Some of the cousins are the children of Tim’s and my blood relations and some are my friends’ kids.  I forget which is which.

When my daughter was five, Carolyn and her kids made a Cousin Adoption Agreement, signed by them all.  They’ve introduced each other as “My cousin” ever since.

…They’re Cousins, Identical Cousins, All The Way…

Recently, my DD (third from the right, above) called in a promise that she could get her ears pierced at age ten.  The night before, she decided to watch a YouTube video of a nine-year-old getting her ears pierced at Claire’s.  Big. Mistake.

“Mom, I’m dizzy,” she said.  The child turned whiter than I am, no joke.  “I can’t do it,” she cried.  “I wanna do it.  I wanna do it sooo bad, but I can’t do it.”

I told Carolyn, and the next day she and all her children were at Claire’s, holding my DD’s hands as she got her ears pierced…and learned that love lends courage.

DSC03563My “sister” Judy just sent beautiful earrings–and these days stays on the phone longer with my daughter than she does with me.

My “sisters” Su and Darla were the first people to greet us–at ten-thirty p.m. in a winter storm–when Tim and I got off the plane from Guatemala with our new baby.  Neither of them lives anywhere near the airport.

“Aunt Terry” and “Aunt Micki” are beloved in our home, their visits eagerly anticipated by all.

Sisters…Cousins…they come in all different colors, from lots of different places.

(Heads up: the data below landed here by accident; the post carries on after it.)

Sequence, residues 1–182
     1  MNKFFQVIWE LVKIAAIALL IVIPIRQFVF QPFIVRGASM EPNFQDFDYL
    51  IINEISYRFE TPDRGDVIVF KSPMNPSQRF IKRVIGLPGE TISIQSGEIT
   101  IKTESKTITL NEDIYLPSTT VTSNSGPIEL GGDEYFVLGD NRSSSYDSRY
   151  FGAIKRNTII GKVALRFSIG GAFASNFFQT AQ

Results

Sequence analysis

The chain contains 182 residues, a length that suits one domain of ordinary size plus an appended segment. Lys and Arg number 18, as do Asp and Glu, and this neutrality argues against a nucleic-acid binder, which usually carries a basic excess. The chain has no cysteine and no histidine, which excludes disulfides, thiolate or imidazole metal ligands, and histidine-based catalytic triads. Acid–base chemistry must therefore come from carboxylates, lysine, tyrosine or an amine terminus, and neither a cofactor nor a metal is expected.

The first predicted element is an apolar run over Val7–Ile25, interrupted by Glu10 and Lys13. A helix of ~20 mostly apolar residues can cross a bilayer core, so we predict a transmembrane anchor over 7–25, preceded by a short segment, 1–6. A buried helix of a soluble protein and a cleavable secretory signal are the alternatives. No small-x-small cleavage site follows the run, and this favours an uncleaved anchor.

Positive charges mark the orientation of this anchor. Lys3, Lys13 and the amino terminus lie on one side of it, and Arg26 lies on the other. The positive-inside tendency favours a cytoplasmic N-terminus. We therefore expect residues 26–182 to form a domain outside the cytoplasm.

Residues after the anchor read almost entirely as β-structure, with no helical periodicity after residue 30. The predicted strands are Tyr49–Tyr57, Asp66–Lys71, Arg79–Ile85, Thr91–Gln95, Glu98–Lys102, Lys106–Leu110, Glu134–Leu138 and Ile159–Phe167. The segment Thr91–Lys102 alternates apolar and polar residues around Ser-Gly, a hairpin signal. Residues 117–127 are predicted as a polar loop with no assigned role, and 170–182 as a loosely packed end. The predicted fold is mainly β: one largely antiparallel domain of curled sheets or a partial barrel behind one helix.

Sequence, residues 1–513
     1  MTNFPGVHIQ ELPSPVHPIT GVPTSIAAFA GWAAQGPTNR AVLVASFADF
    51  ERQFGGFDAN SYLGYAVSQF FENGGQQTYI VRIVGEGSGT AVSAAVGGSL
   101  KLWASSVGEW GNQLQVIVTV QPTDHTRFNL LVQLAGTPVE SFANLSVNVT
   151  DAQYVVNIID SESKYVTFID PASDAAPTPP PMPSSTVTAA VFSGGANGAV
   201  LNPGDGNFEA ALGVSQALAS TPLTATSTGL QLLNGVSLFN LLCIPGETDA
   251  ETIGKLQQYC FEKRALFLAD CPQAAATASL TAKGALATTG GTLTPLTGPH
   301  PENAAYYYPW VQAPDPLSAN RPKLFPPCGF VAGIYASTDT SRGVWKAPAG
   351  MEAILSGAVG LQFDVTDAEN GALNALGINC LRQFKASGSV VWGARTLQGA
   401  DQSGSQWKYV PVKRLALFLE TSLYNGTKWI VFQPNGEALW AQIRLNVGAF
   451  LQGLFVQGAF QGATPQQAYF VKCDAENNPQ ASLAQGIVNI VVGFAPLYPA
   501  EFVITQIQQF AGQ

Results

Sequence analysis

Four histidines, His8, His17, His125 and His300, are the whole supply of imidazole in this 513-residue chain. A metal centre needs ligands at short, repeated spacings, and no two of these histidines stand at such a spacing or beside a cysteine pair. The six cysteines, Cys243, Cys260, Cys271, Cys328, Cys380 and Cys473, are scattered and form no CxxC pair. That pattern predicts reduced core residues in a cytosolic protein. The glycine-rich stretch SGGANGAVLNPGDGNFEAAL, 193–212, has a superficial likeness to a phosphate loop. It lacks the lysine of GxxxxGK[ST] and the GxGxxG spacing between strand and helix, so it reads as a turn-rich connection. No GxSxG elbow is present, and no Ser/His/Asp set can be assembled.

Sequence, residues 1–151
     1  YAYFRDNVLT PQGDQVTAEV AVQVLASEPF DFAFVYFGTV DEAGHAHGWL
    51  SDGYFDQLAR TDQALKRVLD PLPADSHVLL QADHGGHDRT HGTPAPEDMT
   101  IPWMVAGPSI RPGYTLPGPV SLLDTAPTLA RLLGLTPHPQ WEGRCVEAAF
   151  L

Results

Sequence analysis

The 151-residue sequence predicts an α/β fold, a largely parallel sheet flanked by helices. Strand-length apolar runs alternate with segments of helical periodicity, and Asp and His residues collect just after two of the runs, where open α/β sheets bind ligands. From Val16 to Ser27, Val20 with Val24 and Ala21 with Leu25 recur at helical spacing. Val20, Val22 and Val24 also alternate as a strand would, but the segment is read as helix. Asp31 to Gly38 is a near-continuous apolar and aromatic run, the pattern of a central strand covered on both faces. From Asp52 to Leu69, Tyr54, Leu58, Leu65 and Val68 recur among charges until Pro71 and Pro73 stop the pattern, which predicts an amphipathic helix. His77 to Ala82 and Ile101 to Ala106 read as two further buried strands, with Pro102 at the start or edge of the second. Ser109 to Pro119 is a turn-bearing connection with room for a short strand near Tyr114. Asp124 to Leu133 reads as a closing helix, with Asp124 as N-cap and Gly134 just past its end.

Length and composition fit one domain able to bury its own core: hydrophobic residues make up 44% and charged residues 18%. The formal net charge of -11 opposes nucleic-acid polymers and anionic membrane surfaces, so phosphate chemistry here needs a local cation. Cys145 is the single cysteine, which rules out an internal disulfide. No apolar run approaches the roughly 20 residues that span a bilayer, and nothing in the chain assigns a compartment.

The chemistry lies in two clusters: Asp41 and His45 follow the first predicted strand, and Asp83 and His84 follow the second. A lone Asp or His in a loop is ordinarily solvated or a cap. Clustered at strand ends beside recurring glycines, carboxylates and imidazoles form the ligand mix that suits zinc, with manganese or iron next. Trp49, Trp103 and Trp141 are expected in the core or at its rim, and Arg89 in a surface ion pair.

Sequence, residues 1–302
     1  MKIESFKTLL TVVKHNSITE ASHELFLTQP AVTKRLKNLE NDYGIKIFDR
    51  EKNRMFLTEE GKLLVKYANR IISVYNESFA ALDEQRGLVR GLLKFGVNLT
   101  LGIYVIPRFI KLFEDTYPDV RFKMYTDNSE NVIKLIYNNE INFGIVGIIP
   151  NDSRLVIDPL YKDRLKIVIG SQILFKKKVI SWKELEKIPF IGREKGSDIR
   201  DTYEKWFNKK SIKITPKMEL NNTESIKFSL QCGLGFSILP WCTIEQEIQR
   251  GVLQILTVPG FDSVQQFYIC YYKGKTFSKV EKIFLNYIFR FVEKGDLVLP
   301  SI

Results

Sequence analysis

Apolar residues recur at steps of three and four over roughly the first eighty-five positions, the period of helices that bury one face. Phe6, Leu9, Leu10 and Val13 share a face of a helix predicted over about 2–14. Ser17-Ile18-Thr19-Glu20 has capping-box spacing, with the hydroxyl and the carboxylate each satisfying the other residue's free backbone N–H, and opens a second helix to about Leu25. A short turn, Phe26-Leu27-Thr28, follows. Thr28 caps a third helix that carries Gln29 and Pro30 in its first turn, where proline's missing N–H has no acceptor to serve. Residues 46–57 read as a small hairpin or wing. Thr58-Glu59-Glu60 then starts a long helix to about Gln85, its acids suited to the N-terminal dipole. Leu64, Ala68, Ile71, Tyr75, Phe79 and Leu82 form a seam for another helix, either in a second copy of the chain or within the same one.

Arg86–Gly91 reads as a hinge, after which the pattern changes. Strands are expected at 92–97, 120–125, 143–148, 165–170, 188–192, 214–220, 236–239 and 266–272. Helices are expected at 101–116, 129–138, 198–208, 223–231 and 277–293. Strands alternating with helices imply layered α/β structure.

And thank you, God, for them all.

Who are the sisters, brothers, cousins, aunts and uncles of your heart?

Wendy

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I’d Love to Cook Something, but I’m COOKING

My family wants sweet and sour chicken, black bean baos, stir-fried veggies and fried rice for dinner.  Yuh, right.

It’s ninety degrees today.  They’ll be lucky if I unwrap the popsicles before I hand them out.

I used to revel in cooking elaborate meals from scratch.  Now I have menopausal ADD.  Midway through the Sweet and Sour Chicken, I will notice my Vegan Crockpot Cooking book and switch to vegetarian chili.  Or, I’ll do a load of laundry and forget that I was supposed to cook dinner altogether.

Pioneer Woman is not menopausal.  It couldn’t be any more clear.  She and all those other over-achieving bloggers who have made posting pictures gorgeous pictures–de rigueur  with their recipes, are just baffling.  IF I made a gorgeous meal, I would not be able to snap a photo before my family stuck a fork into the Four-cheese Porcini Mushroom and Smoked Sausage Fettucine.   C’mon.

Are these women really cooking for their families, or are they making beeeauutiful blog food, setting up lights and hiring professional photographers while their families eat Cap’N Crunch with Crunch Berries? … Hey, that sounds good.  Maybe I’ll slice a banana on top if the weather cools off.

ADD Moment:  Just checked my e-mails.  Carolyn is still in Uganda.  She says the food is great and that everything is mashed.  Mashed beans, mashed nuts, mashed bananas over brown rice.   Now that’s the kind of cooking I can get behind.  Maybe I’ll mash the popsicles and say it’s sorbet.

And photograph it, too.  Maayyyybe,

–Wendy

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I Can’t Find Carolyn

Carolyn has been gone over a week, and despite the laundry list of possibilities that could befall a post-menopausal woman in Uganda without a Starbucks, she seems to be doing fine.